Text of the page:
%I
%S 0,1,2,4,8,3,6,5,7,9,10,20,40,80,11,22,44,88,12,24,48,96,13,26,14,28,
%T 56,15,16,17,18,19,38,76,21,42,84,168,23,46,92,184,368,25,27,29,58,30,
%U 60,31,62,32,64,128,256,33,66,34,68,35,36,37,74,148,296,39
%N a(0)=0. For n > 0, a(n+1) = 2*a(n) if the sum of digits of 2*a(n) exceeds that of a(n); otherwise, a(n+1) is the smallest unused nonnegative integer.
%C This sequence is a permutation of the nonnegative integers; the inverse permutation begins 0, 1, 2, 5, 3, 7, 6, 8, 4, 9, 10, ...
%C There exist areas that feature numbers in runs of three or more in arithmetic progression, such as (5, 7, 9) and (15, 16, 17, 18, 19).
%C Record values are 0, 1, 2, 4, 8, 9, 10, 20, 40, 80, 88, ...
%H <a href="/index/Per#IntegerPermutation">Index entries for sequences that are permutations of the nonnegative integers</a>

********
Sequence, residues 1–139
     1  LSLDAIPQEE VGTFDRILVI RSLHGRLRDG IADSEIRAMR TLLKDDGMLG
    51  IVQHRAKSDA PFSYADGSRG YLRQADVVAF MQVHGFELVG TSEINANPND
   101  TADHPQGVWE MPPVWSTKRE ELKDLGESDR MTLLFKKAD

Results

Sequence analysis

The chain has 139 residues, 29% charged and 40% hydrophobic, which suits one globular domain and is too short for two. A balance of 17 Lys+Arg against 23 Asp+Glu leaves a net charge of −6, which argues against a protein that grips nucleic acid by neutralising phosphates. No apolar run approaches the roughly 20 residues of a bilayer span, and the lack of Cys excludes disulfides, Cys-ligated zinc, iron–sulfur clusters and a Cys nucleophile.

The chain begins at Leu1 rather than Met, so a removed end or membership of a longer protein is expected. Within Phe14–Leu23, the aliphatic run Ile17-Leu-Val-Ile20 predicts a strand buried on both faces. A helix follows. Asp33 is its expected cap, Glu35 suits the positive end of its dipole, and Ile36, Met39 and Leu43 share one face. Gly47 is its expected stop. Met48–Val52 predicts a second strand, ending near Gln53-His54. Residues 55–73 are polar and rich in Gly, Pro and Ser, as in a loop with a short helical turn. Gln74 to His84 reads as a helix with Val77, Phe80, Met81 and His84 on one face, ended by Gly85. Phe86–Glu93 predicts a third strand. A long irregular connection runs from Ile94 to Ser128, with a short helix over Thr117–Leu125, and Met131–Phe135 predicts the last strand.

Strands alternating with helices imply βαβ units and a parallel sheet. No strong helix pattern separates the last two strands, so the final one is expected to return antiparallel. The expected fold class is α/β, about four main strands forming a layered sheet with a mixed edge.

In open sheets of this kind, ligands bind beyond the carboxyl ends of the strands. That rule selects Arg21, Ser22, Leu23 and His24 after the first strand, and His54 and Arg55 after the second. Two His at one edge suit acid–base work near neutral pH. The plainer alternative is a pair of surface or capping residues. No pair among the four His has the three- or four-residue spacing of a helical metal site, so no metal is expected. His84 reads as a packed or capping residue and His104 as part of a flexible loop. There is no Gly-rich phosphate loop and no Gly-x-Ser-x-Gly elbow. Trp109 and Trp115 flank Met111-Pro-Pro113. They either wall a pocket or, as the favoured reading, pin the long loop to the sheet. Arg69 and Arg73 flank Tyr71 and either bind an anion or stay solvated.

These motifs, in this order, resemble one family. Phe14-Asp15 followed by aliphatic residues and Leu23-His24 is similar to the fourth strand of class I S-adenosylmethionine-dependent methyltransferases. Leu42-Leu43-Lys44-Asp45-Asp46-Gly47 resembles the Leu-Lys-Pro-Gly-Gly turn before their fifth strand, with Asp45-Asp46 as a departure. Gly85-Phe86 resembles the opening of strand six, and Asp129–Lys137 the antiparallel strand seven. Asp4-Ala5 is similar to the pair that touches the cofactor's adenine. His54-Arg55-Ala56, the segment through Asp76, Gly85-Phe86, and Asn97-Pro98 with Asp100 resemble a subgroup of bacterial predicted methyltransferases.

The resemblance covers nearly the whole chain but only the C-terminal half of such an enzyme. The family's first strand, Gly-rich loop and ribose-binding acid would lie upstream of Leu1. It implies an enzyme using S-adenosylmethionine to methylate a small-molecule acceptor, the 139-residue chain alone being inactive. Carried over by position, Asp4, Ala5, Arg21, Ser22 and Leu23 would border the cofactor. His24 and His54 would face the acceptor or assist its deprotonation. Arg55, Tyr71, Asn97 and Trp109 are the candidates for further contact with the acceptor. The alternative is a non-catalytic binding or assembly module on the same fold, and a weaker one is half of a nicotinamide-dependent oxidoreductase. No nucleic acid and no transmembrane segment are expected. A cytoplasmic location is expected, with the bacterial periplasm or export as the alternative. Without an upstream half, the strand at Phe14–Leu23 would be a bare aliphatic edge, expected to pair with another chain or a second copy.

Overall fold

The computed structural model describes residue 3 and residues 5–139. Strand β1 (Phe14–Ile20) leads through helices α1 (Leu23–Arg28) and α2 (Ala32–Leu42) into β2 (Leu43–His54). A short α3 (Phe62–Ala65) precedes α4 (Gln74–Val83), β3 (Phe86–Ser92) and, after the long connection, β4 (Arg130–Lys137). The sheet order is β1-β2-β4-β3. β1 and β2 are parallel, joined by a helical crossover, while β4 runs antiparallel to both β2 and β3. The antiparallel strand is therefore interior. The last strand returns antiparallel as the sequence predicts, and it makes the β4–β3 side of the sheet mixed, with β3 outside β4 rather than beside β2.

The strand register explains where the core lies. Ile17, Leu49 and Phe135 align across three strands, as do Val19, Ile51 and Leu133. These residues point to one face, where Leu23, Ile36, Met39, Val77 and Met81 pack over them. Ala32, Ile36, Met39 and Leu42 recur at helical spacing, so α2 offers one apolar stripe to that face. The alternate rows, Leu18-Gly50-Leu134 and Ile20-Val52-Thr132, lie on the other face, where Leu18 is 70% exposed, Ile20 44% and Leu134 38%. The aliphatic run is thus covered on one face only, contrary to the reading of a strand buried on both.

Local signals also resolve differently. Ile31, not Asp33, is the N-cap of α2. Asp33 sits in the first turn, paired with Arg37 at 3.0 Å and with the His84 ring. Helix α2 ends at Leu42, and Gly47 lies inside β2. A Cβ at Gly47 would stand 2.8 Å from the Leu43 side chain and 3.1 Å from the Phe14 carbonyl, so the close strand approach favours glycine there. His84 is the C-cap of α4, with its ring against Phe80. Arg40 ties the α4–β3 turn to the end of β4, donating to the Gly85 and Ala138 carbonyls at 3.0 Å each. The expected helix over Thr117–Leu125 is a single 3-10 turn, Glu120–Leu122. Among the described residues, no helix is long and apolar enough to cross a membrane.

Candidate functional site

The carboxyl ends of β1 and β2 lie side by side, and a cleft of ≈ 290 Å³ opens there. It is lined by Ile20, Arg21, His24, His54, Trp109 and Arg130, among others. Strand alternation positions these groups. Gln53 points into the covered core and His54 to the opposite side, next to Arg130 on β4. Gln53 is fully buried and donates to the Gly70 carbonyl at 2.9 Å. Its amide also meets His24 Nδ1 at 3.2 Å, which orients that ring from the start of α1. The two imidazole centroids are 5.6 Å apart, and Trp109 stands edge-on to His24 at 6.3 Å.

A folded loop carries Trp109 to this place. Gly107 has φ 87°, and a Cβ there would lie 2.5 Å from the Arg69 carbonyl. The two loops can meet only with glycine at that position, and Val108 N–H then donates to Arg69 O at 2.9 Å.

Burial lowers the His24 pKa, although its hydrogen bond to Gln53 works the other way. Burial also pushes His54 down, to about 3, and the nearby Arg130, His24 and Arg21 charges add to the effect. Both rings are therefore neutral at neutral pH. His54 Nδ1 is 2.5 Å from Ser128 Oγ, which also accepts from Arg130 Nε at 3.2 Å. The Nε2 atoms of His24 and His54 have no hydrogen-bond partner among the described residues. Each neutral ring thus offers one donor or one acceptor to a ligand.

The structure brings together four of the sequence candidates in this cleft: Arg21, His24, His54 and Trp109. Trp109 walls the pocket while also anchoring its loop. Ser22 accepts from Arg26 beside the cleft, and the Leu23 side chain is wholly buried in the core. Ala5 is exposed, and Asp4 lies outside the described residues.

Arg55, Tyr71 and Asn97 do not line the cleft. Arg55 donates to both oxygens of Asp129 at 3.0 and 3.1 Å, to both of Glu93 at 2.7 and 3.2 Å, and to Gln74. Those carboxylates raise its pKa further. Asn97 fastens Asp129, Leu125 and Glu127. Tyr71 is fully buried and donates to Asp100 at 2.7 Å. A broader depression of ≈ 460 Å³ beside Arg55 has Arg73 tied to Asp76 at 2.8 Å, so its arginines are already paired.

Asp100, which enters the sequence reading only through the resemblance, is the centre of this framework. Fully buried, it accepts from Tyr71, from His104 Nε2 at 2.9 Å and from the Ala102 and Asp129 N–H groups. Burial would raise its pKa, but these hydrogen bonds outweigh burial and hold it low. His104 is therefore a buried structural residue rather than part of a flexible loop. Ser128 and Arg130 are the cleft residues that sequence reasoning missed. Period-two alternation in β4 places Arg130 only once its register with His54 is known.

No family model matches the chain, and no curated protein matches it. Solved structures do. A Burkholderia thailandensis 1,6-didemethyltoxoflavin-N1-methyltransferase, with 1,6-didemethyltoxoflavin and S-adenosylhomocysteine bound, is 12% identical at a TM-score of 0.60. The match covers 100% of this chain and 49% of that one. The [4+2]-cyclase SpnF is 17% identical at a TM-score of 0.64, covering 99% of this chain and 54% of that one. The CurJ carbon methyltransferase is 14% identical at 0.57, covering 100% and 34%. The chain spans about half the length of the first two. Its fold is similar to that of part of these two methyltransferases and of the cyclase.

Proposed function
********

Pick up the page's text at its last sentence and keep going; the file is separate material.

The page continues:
%e We start the sequence with 0. Doubling this integer results in 0, but as the sum of digits of 0 is equal to that of 0, we choose the smallest nonnegative integer not yet used, which is 1. We can double 1 three times before the sum of digits of 2*a(n) (i.e., 16) does not exceed that of a(n) (8). Thus the next term after 8 is the next unused nonnegative integer, 3, after which we resume doubling.
%Y Cf. A000079 (powers of 2), A331440 (similar principle, except lesser or equal sum of digits replaced by containing the digit S).
%K nonn,base
%O 0,3
%A _Jamie Robert Creasey_, Feb 25 2021